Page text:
Annual Screen Australia drama report shows record-breaking $1.9 billion expenditure

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• This year’s result was nearly double last year’s spend

The 31st annual Screen Australia Drama Report shows a record-breaking level of expenditure on drama production in Australia in 2020/21 of $1.9 billion, made up of $874 million on Australian projects and $1.04 billion on foreign projects produced or post-produced in Australia. 

The result – nearly double last year’s spend, and more than 50% above the five year average – was driven by a range of factors, including: projects postponed into the year by Covid shutdowns; low levels of Covid-19, the attractiveness of Australia as a production destination, the strength of local production teams and infrastructure; foreign titles encouraged into Australia by key Australian creatives; and a strong slate of new Australian projects.

Minister for Communications, Urban Infrastructure, Cities and the Arts, the Hon Paul Fletcher MP, said people working in the screen sector should be proud that despite the challenges of the pandemic, the sector enjoyed a record year in 2020/21.

“It is pleasing that the production of local Australian content has had its biggest year, in addition to Australia’s notable success attracting foreign productions, which have provided valuable jobs and training opportunities to the industry,” Minister Fletcher said.

“This achievement reflects the hard work and skills of our screen professionals and the talent of our storytellers, along with the success of the targeted incentives with which the Morrison Government supports this key industry.”

Screen Australia’s CEO, Graeme Mason said, “It’s important to look at both of the production years that were hit by the pandemic. We were on track to break records in 2019/20, and what we are seeing now is the hard work of the Australian industry, who adapted and continued to work through COVID, paying off.

“It’s simply unprecedented to have 10 big foreign productions shooting here in Australia, and especially notable that so many had key Australian creative involvement. From Chris Hemsworth starring in Thor: Love and Thunder and Escape from Spiderhead, to Bruna Papandrea, Nicole Kidman and others bringing the adaptation of Liane Moriarty’s Nine Perfect Strangers to Australia. A mix of local and global talent and finance drove this extraordinary result. Australia cemented its reputation as a leading destination for international productions in 2020/21, thanks not only to our world-class cast, crew, facilities and stunning physical locations and Australia’s lower rates of COVID-19 but also due to the incentive and investment framework supported by the Federal, state and territory governments.”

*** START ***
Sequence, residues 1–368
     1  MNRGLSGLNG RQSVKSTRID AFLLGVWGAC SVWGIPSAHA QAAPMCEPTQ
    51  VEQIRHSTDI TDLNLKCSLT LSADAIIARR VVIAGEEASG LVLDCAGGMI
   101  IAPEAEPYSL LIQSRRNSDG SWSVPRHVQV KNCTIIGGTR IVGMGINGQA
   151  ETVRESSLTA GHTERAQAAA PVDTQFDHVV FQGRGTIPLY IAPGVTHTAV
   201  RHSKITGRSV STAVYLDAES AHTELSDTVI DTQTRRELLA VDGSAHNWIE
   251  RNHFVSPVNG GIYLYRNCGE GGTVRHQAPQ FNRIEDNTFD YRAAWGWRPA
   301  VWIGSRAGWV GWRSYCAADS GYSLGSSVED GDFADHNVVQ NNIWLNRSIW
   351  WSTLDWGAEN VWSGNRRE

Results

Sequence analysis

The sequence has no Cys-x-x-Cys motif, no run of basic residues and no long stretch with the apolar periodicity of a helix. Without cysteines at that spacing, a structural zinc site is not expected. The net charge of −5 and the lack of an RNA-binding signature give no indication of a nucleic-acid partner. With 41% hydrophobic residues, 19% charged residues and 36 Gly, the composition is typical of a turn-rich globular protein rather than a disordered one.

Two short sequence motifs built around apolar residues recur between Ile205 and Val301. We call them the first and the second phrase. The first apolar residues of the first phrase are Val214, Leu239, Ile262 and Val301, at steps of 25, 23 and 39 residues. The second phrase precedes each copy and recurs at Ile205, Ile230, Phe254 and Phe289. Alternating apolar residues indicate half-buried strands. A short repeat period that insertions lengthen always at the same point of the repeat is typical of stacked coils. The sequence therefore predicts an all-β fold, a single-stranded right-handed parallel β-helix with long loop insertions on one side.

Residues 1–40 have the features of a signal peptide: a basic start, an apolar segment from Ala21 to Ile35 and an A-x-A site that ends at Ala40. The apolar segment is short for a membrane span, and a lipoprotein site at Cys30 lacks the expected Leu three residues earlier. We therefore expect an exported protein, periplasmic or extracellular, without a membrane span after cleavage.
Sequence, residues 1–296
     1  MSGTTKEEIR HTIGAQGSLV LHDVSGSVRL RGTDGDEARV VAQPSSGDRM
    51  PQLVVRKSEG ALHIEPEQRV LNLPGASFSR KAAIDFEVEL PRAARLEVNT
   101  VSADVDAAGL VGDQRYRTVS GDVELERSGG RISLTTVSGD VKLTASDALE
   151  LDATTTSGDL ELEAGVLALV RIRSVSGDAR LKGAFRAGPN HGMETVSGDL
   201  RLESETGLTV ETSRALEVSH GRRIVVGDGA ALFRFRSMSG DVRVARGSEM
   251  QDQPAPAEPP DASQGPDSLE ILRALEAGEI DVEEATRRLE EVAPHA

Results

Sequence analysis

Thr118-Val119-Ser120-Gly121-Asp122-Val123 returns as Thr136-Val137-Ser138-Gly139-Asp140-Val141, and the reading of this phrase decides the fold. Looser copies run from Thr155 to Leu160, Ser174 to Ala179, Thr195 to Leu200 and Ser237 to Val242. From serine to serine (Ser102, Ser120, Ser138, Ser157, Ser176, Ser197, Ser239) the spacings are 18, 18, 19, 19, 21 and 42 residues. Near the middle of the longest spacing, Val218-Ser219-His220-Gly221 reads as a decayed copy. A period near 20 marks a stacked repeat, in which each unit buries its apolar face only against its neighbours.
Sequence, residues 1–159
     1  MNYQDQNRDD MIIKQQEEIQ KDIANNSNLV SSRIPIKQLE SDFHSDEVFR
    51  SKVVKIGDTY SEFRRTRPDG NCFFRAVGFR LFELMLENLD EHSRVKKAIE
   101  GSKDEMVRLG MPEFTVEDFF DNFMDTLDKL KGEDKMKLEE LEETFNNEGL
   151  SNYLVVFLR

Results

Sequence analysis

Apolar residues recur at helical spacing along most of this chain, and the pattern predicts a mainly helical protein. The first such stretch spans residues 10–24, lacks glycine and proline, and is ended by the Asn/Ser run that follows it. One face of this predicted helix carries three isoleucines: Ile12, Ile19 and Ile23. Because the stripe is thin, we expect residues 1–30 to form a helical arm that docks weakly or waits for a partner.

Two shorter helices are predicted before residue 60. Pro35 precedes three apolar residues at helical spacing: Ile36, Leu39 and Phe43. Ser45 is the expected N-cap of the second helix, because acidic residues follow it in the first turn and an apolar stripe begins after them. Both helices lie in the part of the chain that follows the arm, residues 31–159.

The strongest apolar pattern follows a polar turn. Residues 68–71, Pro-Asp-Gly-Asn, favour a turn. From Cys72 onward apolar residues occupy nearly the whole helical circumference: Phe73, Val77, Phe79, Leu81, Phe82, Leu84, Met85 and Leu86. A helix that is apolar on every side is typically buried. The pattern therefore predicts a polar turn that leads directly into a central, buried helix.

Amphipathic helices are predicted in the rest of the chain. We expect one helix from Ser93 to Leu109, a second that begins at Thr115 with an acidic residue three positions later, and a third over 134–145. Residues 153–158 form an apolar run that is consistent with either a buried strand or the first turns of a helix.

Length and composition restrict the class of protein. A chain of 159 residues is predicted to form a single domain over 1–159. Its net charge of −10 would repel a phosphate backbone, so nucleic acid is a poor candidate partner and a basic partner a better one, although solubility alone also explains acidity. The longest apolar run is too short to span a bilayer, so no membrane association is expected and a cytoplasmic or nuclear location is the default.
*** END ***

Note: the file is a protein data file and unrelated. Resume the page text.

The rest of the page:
“For the first time in this report we can see the specific role of SVOD investment, where spend on Australian titles reached $116 million in 2020/21. Over the past five years we have seen average production budgets for Australian SVOD drama expand from $800,000 in 2016/17 to $13.5 million in 2020/21. Spend and cost are just one of several measures of drama production, but it is worth noting that spend on Australian SVOD drama has grown and that the combined spend on drama by FTA and SVOD platforms is at similar levels as that traditionally spent by the FTA sector alone.”

The 95 Australian titles that began production in 2020/21 generated $874 million of spend in Australia, up 57% on 2019/20’s result and setting a new record for spend by Australian titles. This included a record $125 million on local online drama titles, up 20% on last year. Australian local titles accounted for 46% of the total expenditure in Australia.

63 foreign backed projects (including PDV-only titles) generated $1.04 billion spend, more than double that of 2019/20 and a new record for spend in Australia by foreign titles. This included a record spend of $793 million on three features, two TV dramas and five online dramas that commenced shooting in Australia. Spend on foreign PDV-only titles (titles that only had post, digital and visual effects activity in Australia) also reached a record $246 million, up 48% on 2019/20’s result.

Total Australian Expenditure:

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Of the $1.9 billion total spend in Australia, New South Wales and Queensland achieved record spends in 2020/21, with 48% ($912 million) and 29% ($553 million) of the national share respectively. Spend in Victoria dropped slightly to $307 million, while South Australian spend reached $96 million – a reduction on last year’s record year, which was driven by production of Mortal Kombat. Spend in Western Australia dropped to $29 million, while the combined spend in the Australian Capital Territory, Tasmania and the Northern Territory tripled to $18 million.

The Drama Report uses data from industry to provide an overview of the production of local and foreign feature, television and online drama titles, as well as post, digital and visual effects (PDV) activity. All production expenditure is allocated to the year in which principal photography began.

The full report can be seen here.

Top Image: Claudia Karvan, The Hon Paul Fletcher MP, Minister for Communications, Urban Infrastructure, Cities and the Arts, Deborah Mailman AM, Dr George Miller AO at Screen Australia’s Drama Report briefing (Photo credit: John McRae)

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